One of Colorado College’s all-time great hockey players has died, leaving behind a remarkable athletic legacy at the school.
That’s because Andy Gambucci, 87, was not just an all-time hockey great but one of the best athletes to ever don a Tigers uniform.
The Eveleth, Minn., native, who passed away Saturday due to complications from congestive heart failure according to family members, was a standout center fielder in baseball and a record-setting running back in football.
In 1952, he broke Pro Football Hall of Famer Dutch Clark’s school record with 16 touchdowns despite often leaving the game early to save his body for the upcoming hockey season. He was named as the Rocky Mountain Conference’s Most Valuable Player that fall.
“I easily could have had twice as many touchdowns that season,” Gambucci said in a 2010 interview with the school. “I’d score two or three quick ones, then get pulled out.”
He is in the CC Athletics Hall of Fame twice; individually and as a member of the 1950 NCAA championship team. He entered the Colorado Springs Sports Hall of Fame in 2010 and the Colorado Sports Hall of Fame in 2014.
In hockey, Gambucci recorded 91 points (62 goals) and was a freshman on the 1950 title team. He helped the Tigers reach the NCAA playoffs three times.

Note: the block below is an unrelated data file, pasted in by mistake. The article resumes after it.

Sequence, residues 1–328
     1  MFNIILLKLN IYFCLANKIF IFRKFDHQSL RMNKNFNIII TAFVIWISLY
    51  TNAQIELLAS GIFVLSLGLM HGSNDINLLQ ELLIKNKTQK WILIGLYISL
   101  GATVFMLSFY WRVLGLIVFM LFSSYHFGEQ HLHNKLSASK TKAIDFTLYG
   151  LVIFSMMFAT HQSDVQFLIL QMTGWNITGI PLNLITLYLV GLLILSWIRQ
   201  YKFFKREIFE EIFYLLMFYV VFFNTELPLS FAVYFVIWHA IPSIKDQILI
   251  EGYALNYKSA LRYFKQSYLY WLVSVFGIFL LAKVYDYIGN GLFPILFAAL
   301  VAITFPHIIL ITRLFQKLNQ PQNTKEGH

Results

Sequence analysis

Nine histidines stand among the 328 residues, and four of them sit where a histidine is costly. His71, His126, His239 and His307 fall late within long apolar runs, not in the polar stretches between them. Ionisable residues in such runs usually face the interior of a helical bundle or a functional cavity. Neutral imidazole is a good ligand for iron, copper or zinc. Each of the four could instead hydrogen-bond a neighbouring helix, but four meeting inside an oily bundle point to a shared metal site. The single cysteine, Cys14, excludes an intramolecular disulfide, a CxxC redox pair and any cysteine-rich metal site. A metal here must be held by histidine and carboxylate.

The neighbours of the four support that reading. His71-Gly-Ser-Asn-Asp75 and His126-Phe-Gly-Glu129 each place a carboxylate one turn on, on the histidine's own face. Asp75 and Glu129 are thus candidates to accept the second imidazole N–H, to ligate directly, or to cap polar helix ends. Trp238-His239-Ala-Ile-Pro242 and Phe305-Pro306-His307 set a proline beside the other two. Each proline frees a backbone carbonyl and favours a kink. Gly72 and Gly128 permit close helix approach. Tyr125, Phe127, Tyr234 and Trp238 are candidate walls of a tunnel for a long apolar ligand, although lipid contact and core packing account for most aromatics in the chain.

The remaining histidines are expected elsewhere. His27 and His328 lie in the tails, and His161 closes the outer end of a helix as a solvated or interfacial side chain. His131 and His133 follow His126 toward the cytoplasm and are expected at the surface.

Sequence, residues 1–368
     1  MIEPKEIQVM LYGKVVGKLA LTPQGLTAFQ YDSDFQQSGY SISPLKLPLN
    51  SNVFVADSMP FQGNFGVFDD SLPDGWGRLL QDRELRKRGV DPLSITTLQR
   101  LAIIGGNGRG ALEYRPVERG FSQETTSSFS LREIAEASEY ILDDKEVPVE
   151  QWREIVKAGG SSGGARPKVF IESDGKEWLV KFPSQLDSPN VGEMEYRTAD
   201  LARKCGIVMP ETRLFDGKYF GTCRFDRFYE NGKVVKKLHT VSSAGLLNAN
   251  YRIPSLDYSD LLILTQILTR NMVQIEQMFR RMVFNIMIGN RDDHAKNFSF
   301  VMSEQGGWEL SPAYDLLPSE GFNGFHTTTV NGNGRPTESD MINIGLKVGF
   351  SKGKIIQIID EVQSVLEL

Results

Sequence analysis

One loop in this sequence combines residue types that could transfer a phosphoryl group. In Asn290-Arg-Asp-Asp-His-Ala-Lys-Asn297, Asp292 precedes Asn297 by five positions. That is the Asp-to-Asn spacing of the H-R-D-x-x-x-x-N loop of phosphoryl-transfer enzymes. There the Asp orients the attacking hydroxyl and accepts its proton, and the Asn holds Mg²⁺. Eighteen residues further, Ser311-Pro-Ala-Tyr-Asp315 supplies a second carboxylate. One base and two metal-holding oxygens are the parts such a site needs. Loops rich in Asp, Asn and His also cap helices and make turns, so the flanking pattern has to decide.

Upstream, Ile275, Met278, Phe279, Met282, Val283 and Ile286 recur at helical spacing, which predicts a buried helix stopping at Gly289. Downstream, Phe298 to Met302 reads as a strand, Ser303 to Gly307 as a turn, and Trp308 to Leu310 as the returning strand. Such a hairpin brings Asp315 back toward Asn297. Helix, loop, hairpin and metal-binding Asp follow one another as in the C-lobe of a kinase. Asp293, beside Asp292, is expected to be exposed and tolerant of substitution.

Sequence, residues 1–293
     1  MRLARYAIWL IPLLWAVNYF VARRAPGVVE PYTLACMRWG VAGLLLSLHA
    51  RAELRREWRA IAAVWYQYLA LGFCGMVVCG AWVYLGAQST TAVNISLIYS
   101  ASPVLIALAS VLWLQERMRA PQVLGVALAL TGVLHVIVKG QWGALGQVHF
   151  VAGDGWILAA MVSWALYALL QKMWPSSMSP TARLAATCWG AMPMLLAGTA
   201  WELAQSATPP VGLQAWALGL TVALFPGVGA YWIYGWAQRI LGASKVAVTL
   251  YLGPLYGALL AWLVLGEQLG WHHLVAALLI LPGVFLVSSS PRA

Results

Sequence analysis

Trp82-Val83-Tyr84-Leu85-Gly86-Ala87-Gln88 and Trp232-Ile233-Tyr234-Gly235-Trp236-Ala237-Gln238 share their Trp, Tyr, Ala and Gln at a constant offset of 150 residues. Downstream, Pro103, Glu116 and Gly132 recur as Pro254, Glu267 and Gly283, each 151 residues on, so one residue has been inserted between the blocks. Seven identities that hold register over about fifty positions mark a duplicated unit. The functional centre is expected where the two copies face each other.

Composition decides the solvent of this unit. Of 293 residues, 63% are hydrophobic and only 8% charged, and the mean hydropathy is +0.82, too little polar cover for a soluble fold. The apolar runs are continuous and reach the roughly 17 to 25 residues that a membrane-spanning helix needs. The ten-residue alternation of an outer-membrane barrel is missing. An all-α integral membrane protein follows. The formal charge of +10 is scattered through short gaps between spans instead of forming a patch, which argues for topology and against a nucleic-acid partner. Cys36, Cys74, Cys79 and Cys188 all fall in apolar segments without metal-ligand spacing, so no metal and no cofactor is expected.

"Hockey was my passion but football was pretty close,” he said during a 2013 Gazette interview.
The Eveleth, Minn., native was an area resident much of his entire adult life. Gambucci was the senior vice-president and director of marketing for Acordia Insurance of Colorado from 1982-95.
Gambucci took home a silver medal as part of the U.S. hockey team at the 1952 Oslo Winter Olympics.
He turned down contracts and $500 signing bonuses – good money in those days -- with the NHL's Boston Bruins and the NFL's Chicago Bears to play and coach in Italy.
"I went to a good school and decided that if I was going to get my head beat in, I would do it for more money," the 1953 graduate said in an interview six years ago. "I knew the Italian national team coach from Oslo and he wrote afterward that he would be interested in me playing for him over there. You played half the (number of) games in Italy and enjoyed the hell out of it."
He gave back to hockey by serving as a Western Collegiate Hockey Association on-ice official for 22 years. As expected, the former Tiger was unwelcome in Denver.
"Some fans threw a piglet on the ice with my name on it,” he said in 2014. “An old lady hit me with her handbag and a hippie poured a beer over my head. You get used to it and learn to handle it. Begrudgingly, people have told me over the years since that they think I did a good job."
“I really wanted to take him (the piglet) home to my kids,” Gambucci said in a 2010 interview. “But some guy stole him and I was heartbroken. But, really, I took it all with a sense of humor.”